I’m still in the process of reading Into The Wild by Jon Krakauer.  The more I read it, the more I’m struck by what a huge role Chris McCandless’ father played in his life, his pursuit of adventure, and ultimately, his death.  It is frequently this way with fathers, is it not?  For good or ill, they mold us, shape us, and by either gentle or forceful turnings they play a role in our future selves.  This is true no matter how long (or short) they may be in our lives.

But most people seem to have daddy issues in one way or another.  The general issue that seems to occur (and I am being deliberately broad) is in the strength of the father.  Too often, he’s not strong enough, or he’s maybe a bit too strong.  Oddly enough, both traits commingle and sometimes exhibit at the same moment in the same person.

Fathers are immensely important to both sons and daughters.  The love of a man for his wife is necessary and must be shown in front of the children, for this provides stability.  But we must not neglect the direct love a man must have for his children.  Too much love (overprotection), not enough (manifesting sometimes either in control or isolation), or inappropriate love (abuse) all have tremendous impact on a child’s psyche, and this carries on into adulthood.  Any of these can easily cause resentment and rebellion.  The slightest word can elicit a negative response, even hatred.  The confounded father (who thinks he is completely in the right, as most people do in regards to their actions) doesn’t understand the son or daughter’s response, and too frequently they respond in kind.  Disrespect breeds disrespect, and the child becomes angry.  Angry because of the control a father exerts over his child?  That’s part of it, possibly.  Angry because of hypocrisy in the father becoming angry over his child’s actions when he himself is committing the same misdeeds?  Maybe.  But ultimately, it may just be that the child is angry because the father’s love has failed him/her.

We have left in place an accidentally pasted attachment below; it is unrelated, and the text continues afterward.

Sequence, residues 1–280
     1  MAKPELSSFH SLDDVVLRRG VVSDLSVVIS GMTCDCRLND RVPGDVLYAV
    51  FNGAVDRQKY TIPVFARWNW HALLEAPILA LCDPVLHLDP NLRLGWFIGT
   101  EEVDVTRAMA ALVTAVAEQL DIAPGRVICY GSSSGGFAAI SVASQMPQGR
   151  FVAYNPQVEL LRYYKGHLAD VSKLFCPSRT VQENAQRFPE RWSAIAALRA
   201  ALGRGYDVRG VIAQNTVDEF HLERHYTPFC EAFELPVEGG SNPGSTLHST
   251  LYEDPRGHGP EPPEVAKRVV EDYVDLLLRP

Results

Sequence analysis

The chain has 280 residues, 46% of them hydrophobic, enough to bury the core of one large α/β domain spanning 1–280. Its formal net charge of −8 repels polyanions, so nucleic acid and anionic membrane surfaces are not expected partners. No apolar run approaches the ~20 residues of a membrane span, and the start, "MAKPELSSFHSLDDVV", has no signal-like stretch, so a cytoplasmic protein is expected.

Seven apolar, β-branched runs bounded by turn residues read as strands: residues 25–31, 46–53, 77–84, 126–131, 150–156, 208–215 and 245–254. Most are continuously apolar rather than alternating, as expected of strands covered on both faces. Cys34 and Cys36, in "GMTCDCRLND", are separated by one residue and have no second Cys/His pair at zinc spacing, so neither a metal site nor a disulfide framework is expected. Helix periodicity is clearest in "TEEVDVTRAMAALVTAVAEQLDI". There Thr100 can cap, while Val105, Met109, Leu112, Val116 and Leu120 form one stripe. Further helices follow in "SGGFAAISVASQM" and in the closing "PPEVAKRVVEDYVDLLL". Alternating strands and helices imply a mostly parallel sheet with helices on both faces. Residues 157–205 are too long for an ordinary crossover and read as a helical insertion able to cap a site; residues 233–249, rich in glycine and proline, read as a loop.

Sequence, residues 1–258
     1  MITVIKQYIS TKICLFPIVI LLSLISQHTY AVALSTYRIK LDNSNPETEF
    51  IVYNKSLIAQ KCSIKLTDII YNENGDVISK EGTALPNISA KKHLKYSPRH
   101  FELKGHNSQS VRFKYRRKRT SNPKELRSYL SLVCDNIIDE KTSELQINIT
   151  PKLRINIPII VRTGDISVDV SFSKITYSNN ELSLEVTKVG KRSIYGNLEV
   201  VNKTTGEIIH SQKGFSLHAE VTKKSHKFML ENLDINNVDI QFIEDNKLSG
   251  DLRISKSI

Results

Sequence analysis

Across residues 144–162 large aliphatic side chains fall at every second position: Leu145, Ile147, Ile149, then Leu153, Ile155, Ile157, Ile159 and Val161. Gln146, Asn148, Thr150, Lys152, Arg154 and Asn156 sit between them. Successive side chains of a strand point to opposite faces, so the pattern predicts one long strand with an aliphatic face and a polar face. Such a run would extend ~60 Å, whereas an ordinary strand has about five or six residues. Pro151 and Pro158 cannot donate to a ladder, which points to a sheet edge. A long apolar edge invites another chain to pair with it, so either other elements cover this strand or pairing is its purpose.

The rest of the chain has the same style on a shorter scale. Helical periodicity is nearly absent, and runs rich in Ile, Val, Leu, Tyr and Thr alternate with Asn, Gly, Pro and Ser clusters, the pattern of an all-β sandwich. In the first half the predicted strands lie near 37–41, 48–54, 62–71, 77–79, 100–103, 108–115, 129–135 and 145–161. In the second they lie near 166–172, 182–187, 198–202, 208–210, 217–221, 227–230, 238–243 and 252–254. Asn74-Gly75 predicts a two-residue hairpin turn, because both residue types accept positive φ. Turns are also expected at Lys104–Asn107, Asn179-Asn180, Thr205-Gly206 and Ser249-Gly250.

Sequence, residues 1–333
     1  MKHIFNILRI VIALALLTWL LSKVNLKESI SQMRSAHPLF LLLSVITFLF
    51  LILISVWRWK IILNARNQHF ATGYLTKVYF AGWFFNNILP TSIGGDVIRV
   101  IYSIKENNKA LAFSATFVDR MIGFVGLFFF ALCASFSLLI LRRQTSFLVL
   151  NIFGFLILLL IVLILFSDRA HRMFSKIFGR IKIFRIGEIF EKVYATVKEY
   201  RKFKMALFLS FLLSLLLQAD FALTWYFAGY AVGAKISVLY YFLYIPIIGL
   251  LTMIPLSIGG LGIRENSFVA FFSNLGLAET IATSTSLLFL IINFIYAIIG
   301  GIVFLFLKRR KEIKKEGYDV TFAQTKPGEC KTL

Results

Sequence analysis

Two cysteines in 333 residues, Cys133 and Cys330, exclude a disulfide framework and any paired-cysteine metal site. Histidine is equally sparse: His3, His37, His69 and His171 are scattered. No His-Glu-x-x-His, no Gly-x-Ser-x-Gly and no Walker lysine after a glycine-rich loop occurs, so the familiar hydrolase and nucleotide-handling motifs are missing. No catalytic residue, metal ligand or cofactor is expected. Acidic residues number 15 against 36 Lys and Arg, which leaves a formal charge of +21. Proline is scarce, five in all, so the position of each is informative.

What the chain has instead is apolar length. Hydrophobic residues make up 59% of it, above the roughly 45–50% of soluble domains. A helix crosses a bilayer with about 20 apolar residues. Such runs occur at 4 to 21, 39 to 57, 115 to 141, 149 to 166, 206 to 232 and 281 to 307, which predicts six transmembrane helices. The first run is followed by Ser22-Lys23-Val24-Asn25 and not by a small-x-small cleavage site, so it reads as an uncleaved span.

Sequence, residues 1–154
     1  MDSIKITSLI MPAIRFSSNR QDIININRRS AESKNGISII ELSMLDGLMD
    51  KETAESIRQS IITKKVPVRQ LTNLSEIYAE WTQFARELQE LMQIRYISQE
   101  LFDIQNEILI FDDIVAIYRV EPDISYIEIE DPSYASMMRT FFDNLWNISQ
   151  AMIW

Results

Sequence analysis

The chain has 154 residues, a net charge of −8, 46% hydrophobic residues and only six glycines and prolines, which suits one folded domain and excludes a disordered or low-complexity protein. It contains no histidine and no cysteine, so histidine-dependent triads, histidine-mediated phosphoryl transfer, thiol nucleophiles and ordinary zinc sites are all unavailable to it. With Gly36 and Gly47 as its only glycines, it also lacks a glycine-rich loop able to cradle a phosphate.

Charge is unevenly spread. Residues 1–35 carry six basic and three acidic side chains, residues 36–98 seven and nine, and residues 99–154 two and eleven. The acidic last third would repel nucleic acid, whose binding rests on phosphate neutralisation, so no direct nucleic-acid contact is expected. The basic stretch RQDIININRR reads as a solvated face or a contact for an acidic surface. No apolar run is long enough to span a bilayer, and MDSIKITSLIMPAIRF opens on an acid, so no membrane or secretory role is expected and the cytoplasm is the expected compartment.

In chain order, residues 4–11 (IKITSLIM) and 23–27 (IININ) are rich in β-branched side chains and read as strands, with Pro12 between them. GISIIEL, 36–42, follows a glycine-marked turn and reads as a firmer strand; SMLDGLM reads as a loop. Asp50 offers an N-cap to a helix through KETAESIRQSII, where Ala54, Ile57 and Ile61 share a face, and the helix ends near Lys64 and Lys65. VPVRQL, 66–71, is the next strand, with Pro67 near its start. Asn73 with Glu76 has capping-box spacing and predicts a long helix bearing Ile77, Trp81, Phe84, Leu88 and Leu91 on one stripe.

Too often this results in anger turned inward.  “What was it in me that made my father unable to love me?” “Am I unlovable?” “Am I worth anything?”  These may seem like childish histrionics, but they are very real.  Unless these questions are answered, they will remain into adulthood.  No one but a father can answer these questions, though we may seek answers elsewhere.  Ultimately, only the one true Father can give us our value; that does not negate the role of an earthly father, however, and God knows this.

Father’s Day is just around the corner.  In an age where a father’s love is frequently a failed love, ask yourself: Am I a good father?   How would my children answer that question?  And if you have a good father, thank him for it, and praise your Heavenly Father, because not everyone is that lucky.  If you don’t have a good father (or don’t have one at all, or both), thank God that He is the best Father of all.